The evolution of ridged ice fields

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Doctoral thesis (monograph)
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Helsinki University of Technology, Ship Laboratory. M, Teknillinen korkeakoulu, laivalaboratorio. M, 280
Ridges are elongated ice cover features created by local deformation. In the Baltic the visible part of the ridge, the sail, is typically 1-3 m high while the bulk of the ridge volume is contained to the 5-15 m deep subsurface keel. In larger scales ridging creates ridged ice fields. The modeling of ridges and ridged ice fields is important for dynamic ice drift models, for ice navigating ships, and for the estimation of ice loads exerted against offshore structures. Ridge fields are quantified in terms of ridge heights and ridge spacings which are distances between ridge sails. The present work formulates an equation governing the evolution of ridge spacing distribution. The usual lognormal and exponential distribution models for spacing distributions are obtained as solutions. The equation also explains several statistical features found in the analysis of ice surface profile data from the Baltic and from the Kara Sea. Conservation equations for continuum fields of spacing distributions are formulated. These can be included in dynamic ice forecast models. The parameterisation links the evolution to the decrease of ice area and to the fields of concentration and strain rate. An estimate for the equivalent thickness of ridge rubble is thereby obtained and is much larger than the values estimated previously. The parameterisation requires cross-sectional modelling of the ridges. A new type of feature, a ridge cluster, is introduced to describe ridges in keel contact. Concepts to describe cluster structure and cluster occurrence are developed. The spacing equation is a specific formulation of the Kolmogorov-Feller equation which is the basic equation governing discontinuous Markov processes. Another specific formulation is the equation governing the evolution of ice thickness distribution. A general presentation of discontinuous Markov processes is given. It can be used to construct evolution equations for ice morphological quantities. In the present context it is used to formulate alternatives to the spacing equation. The most applicable of these alternatives govern the distribution of ridge sail number, or the number of sails on line segments.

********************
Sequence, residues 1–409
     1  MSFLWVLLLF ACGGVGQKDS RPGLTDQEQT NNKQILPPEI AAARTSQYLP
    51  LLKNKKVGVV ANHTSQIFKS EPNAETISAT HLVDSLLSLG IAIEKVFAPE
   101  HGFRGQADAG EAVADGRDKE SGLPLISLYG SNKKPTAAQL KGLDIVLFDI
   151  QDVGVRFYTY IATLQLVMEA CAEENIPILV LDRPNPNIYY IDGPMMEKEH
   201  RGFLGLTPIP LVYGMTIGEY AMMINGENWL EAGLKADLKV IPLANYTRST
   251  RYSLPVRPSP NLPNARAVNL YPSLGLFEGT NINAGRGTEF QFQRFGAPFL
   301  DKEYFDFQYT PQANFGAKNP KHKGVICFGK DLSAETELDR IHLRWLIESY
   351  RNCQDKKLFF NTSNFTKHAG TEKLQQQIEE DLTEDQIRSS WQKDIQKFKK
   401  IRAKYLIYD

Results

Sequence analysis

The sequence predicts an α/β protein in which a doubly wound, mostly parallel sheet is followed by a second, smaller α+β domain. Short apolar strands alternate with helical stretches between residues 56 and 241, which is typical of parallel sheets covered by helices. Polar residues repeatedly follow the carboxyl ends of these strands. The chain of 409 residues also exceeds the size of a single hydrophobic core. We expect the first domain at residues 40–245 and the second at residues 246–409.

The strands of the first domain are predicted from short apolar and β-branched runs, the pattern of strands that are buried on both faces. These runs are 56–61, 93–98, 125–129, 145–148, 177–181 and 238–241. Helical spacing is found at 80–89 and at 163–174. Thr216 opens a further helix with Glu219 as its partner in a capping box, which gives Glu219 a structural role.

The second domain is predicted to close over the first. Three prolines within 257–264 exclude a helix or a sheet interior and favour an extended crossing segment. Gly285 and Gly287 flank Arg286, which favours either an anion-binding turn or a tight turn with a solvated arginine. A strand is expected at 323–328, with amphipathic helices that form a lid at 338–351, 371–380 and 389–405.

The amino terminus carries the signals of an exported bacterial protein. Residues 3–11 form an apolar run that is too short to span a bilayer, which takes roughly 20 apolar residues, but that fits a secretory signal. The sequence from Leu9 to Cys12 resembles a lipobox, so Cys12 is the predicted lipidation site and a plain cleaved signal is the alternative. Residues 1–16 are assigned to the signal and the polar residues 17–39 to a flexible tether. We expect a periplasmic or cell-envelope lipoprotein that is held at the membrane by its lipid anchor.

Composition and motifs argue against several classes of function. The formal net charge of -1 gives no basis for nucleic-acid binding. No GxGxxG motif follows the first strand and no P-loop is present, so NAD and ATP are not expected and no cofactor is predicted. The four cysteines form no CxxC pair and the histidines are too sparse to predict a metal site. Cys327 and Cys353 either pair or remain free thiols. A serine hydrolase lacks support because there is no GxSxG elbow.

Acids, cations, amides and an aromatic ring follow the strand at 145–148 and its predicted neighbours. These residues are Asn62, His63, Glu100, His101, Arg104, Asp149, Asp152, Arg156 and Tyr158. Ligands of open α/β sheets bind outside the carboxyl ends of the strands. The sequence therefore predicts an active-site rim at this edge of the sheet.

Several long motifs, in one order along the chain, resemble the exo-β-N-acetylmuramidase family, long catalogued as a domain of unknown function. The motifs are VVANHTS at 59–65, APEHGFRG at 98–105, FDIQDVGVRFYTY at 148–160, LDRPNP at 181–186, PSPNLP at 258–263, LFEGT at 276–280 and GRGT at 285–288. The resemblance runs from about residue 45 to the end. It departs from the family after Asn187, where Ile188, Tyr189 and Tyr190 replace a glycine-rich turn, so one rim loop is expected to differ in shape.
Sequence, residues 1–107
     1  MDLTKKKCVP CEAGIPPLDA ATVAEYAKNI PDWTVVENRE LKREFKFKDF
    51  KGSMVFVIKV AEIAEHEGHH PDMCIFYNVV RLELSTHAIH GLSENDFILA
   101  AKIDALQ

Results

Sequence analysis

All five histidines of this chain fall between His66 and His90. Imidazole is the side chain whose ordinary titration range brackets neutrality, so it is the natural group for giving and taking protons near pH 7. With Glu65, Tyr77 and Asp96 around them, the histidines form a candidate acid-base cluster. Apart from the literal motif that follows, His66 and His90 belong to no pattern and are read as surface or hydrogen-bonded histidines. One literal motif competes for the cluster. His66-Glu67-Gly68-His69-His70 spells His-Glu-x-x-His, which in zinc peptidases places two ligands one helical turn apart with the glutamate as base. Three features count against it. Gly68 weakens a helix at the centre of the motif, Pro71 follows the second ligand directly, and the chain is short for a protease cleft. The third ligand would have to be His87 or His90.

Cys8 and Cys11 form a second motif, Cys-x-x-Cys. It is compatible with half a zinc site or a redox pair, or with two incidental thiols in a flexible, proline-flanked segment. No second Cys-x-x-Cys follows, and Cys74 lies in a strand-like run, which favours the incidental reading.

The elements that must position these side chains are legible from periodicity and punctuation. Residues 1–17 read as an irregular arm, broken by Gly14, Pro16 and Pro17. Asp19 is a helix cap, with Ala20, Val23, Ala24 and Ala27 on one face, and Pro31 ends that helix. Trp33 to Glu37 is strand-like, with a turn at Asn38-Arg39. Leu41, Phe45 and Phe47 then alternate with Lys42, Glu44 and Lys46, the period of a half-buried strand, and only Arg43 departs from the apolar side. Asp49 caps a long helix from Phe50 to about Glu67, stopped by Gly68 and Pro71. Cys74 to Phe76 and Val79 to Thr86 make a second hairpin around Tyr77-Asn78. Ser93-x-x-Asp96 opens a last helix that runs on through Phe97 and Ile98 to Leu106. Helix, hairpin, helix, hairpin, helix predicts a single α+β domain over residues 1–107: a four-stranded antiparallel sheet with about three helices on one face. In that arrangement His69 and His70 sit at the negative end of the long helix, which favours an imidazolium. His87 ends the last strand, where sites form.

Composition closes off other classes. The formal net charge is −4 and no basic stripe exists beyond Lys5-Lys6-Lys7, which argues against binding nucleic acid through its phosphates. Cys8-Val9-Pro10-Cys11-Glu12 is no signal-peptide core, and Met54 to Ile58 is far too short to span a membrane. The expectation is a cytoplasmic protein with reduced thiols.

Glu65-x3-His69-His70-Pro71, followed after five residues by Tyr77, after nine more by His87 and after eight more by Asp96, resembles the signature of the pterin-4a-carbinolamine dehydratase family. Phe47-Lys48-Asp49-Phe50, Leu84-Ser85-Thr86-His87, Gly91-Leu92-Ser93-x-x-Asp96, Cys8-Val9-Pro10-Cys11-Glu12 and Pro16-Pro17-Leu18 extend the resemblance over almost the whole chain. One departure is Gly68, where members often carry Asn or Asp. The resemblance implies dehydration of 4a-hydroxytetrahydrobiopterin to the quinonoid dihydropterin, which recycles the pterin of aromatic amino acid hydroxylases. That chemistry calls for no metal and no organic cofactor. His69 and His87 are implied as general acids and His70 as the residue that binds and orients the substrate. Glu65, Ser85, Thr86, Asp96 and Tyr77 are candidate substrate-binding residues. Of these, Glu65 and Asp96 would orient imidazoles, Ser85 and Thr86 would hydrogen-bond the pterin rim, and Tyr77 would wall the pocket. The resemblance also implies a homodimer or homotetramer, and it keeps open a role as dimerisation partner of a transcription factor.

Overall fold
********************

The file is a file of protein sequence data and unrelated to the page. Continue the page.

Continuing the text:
ice fields, ridge spacing distribution, ridging process, time evolution, Baltic Sea, ice covers, ice properties
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